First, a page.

Another historian, Henry Thomas Buckle, expressed the much same sentiment, rejecting final causes as “an old and natural superstition, by which… the German philosophers were long impeded, and which still hangs, though somewhat loosely, about the minds of men” (Buckle 1873, 2: 90–91). And du Bois-Reymond had long believed that even basic concepts of force and matter were nothing other than a “more recondite product of the irresistible tendency to personification” (du Bois-Reymond 1848–1884, 1: xl–xli). Such animism was antithetical to science. “Final causes in nature are incompatible with its intelligibility,” he explained in 1876. “Hence, if there is any way of banishing teleology from nature, the scientist has to take it. A way is found in the theory of natural selection…. In holding fast to this theory, we may feel like a man clinging to a plank that only barely keeps him afloat. When the choice lies between a plank and going under, the advantage is decidedly on the side of the plank” (du Bois-Reymond 1912b: 557). Du Bois-Reymond’s allusion to Lucretius was clear: the Origin of Species may have been a shipwreck, but it was better than going under (Blumenberg 1997).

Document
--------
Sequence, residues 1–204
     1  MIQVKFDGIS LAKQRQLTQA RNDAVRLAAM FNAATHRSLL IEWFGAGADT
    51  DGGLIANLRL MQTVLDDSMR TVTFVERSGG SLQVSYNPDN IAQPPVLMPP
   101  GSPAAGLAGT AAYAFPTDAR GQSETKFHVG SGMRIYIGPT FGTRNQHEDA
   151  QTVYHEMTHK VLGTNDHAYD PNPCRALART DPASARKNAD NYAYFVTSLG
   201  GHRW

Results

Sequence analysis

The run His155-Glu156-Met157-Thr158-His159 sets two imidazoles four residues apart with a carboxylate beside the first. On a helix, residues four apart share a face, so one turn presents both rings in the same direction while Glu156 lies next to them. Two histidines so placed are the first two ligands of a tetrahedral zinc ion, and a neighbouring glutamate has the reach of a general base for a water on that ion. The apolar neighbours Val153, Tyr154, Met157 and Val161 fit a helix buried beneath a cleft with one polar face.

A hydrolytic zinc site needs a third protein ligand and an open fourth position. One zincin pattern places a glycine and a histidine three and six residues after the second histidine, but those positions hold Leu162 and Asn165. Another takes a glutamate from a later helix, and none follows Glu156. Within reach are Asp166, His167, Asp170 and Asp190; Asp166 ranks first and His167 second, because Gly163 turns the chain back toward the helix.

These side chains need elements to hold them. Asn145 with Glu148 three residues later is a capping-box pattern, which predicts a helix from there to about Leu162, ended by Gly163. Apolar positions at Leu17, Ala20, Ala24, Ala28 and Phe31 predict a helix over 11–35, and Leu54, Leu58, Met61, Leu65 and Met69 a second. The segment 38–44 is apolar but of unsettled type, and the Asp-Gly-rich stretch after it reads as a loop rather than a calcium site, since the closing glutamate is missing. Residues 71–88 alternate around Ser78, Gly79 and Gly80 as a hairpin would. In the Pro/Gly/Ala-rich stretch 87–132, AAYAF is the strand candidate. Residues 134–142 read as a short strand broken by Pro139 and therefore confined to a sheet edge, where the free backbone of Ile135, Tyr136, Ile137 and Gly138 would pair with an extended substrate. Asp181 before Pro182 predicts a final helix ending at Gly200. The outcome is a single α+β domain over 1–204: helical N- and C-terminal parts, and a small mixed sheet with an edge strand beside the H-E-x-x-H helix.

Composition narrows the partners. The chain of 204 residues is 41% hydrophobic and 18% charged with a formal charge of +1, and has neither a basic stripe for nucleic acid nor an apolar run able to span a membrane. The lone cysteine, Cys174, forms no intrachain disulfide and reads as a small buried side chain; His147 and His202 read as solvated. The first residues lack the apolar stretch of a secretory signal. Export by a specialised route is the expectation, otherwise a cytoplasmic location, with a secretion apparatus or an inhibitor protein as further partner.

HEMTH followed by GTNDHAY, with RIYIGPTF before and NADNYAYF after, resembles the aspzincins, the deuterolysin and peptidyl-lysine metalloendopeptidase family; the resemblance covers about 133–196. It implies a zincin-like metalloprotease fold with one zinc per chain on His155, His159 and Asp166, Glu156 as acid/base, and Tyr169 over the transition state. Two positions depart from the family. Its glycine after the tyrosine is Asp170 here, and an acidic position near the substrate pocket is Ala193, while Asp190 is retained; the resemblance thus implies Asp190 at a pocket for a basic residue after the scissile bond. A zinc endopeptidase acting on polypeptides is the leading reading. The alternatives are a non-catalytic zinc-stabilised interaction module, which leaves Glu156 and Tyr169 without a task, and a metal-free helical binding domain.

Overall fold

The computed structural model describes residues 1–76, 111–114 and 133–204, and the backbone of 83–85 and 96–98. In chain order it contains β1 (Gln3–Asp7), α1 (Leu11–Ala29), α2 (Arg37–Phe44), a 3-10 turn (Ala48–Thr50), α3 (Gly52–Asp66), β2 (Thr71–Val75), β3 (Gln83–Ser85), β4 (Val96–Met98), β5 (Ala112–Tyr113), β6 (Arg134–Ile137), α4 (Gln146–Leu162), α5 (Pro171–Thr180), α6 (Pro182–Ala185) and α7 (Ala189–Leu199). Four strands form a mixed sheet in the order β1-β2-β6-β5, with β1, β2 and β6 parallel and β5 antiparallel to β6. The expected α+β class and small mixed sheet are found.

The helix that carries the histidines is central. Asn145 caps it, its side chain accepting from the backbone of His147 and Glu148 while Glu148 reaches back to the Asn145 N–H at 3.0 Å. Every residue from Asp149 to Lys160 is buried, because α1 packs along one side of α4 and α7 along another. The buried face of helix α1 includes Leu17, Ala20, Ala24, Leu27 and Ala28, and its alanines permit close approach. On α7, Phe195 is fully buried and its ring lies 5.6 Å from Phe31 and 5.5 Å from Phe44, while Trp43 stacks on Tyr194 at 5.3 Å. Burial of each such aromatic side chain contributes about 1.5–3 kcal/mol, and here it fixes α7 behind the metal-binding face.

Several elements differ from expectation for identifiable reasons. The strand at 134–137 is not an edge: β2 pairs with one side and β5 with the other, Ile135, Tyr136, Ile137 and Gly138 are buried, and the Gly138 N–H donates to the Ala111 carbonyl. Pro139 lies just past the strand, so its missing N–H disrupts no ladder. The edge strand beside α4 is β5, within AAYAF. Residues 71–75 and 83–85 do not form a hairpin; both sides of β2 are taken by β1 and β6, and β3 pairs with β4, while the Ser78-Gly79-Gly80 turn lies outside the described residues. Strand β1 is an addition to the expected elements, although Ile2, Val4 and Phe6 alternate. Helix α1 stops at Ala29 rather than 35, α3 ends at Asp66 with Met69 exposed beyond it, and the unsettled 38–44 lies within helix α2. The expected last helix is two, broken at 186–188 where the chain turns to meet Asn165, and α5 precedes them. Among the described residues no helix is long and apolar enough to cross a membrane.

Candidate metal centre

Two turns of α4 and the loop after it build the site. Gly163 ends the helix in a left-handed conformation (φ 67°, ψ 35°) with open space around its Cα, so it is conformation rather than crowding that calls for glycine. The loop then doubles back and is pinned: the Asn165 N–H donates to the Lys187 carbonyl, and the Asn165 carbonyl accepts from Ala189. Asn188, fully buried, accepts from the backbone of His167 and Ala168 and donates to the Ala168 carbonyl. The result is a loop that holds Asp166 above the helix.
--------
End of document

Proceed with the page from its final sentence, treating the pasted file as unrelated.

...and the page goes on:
To be sure, these were not the only differences in outlook between the two German Darwinians. Haeckel traced variation to environmental influences, whereas du Bois-Reymond remained agnostic about its source (Gliboff 2008: 174). Haeckel accepted the inheritance of acquired characters, whereas du Bois-Reymond rejected it as “perfectly incomprehensible” (Haeckel 1866, 2: 178–179; du Bois-Reymond 1912h: 127–131; du Bois-Reymond 1912k: 129–130). Haeckel advocated a kind of pantheism in which cells passed on inherited memories, whereas du Bois-Reymond thought this idea preposterous (Haeckel 1876: 38–39; Brain 2015: 37–63). Haeckel regarded biology as historical, whereas du Bois-Reymond reduced it to mathematics. And most importantly, Haeckel correlated progress to the division of labor in nature, whereas du Bois-Reymond doubted that evolution equated to advance (Gliboff 2008: 185–186; Finkelstein 2013: 249; Finkelstein 2016).